Video Camera Training

LED lighting

As an on-camera light, the Lite-Panel LED is hard to go past. The ability to trim the brightness for any given lighting situation is important and this light allows you to do that. The daylight balanced 50 degree model works best as an on-camera light in my experience.

Use a piece of CTO correction gel for the tungsten lighting situations but you will loose some output as you'd expect. It's perfect for a night shoot inside a car and the wider beam of the two is more versatile.

Rosco LitePads also work nicely and have the ability to fix any lighting holes; those places where you find hard hide a light. Interior scenes in vehicles at night are nicely taken care of with LitePads along with so many other potentially tricky situations. These are my favourite light because of the different shapes and sizes that are available.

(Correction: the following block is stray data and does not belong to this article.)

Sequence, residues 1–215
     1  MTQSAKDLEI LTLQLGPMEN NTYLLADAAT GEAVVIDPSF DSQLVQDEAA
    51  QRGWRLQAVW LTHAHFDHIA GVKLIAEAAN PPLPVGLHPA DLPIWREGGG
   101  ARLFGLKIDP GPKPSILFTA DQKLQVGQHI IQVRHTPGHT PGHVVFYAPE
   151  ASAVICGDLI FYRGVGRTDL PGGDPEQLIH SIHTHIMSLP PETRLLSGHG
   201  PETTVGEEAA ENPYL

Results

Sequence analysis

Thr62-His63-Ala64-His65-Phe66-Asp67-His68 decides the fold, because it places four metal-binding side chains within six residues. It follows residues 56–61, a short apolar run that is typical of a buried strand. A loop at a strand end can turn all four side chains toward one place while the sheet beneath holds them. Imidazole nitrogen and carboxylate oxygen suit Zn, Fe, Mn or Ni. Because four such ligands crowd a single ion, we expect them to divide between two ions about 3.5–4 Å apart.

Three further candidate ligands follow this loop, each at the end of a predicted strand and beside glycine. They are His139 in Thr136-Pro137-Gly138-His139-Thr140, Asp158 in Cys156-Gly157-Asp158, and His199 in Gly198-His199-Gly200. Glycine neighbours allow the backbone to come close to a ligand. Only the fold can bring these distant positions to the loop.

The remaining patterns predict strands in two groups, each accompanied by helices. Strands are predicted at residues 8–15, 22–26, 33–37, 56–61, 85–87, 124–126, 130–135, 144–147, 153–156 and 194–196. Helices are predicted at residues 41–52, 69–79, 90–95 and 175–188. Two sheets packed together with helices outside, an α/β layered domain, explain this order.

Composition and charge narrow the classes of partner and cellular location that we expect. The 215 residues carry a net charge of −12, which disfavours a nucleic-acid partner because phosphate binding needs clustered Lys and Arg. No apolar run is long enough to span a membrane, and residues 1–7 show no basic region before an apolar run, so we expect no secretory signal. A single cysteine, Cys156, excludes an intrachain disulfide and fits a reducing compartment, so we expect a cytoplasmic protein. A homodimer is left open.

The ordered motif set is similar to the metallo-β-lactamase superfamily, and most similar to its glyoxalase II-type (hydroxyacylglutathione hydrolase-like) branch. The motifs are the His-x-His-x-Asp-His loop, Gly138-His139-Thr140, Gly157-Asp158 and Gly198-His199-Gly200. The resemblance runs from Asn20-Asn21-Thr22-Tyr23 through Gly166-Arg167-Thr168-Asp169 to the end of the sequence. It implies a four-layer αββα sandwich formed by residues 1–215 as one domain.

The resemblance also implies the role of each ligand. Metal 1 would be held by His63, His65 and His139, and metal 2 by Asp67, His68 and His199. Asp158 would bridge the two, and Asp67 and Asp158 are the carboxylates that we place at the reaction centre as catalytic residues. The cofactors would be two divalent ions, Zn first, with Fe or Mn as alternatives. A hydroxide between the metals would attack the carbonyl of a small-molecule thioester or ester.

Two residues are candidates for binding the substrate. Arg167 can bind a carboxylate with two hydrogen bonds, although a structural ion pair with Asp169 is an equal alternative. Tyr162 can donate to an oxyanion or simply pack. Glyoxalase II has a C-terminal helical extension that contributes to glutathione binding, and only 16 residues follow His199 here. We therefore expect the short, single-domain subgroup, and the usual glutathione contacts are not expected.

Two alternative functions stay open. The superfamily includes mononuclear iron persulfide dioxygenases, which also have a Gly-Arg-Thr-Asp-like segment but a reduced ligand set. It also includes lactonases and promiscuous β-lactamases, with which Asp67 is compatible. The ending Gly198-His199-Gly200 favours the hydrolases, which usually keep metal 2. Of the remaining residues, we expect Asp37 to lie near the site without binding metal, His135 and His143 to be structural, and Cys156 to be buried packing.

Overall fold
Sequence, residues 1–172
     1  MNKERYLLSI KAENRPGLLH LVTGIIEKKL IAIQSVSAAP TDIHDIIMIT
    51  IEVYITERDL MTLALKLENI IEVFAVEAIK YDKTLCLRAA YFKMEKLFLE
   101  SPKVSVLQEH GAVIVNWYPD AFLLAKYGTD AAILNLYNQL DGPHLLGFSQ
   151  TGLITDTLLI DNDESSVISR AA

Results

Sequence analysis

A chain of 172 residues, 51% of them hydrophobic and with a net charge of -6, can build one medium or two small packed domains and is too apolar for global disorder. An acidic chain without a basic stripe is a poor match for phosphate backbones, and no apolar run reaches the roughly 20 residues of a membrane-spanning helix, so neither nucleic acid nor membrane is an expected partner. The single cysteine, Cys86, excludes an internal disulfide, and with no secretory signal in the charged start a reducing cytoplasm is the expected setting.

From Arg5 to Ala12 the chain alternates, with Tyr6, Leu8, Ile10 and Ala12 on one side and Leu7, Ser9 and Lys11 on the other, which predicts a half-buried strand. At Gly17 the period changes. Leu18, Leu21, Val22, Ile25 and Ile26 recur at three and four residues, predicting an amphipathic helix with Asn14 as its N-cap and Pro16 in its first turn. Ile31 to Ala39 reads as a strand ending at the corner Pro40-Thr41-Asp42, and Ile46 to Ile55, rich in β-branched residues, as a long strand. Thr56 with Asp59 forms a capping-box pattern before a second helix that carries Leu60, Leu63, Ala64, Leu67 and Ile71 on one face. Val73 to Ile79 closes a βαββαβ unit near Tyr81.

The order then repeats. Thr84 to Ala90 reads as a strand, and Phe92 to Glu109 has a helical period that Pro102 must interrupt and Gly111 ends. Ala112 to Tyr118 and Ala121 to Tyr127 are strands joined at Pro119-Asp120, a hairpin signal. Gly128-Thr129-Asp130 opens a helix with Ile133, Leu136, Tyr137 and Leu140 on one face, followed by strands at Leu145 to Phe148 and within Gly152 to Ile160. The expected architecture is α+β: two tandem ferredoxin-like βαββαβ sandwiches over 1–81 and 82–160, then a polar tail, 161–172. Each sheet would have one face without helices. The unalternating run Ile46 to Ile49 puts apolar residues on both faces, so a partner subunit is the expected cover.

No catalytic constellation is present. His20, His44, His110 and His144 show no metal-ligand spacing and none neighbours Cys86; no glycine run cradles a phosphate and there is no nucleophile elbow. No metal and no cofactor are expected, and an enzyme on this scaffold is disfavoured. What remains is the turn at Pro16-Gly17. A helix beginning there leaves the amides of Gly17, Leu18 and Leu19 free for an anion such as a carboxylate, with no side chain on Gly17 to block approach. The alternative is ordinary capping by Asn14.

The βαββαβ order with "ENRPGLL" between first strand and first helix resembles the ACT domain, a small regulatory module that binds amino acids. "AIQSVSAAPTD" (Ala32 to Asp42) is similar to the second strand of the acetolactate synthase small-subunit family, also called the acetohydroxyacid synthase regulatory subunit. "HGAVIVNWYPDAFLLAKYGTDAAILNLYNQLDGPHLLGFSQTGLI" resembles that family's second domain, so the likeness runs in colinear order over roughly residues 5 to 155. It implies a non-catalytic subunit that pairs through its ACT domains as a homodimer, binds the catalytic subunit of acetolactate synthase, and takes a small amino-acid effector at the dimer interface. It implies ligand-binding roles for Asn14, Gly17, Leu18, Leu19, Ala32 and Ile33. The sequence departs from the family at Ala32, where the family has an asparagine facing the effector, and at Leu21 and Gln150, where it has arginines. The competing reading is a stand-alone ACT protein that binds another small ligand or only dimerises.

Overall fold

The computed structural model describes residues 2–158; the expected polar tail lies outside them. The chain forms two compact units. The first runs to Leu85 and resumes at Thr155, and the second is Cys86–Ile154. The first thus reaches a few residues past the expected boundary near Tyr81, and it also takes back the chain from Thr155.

The great thing is that when you use it, nothing feels lit. It just appears like you've gotten lucky with soft natural available light every where you point the camera and we all know life's not really like that. It's the balance of light's output on the subject compared to the background that's the key to making it work.

As long as you can get the light reasonably close to your subject, remembering that if it’s a daytime exterior interview it’s a little harder to fill; the ambient daylight level will probably be quite high in the first place. The small on-camera light panel is even good used as a key light in low ambient light situations. It’s in the great sunny outdoors that you find there is not sufficient output.

I’d go for the wider beam version. It performs better as an all round camera light, but you'll have to power it from a separate battery (9v to 19v) in say a waist bag, as the battery provided clips onto the back of the light and makes the camera far too top heavy. It's no Sun-Gun, but a beautifully subtle lighting tool for video.

© 2013 Pieter de Vries ACS

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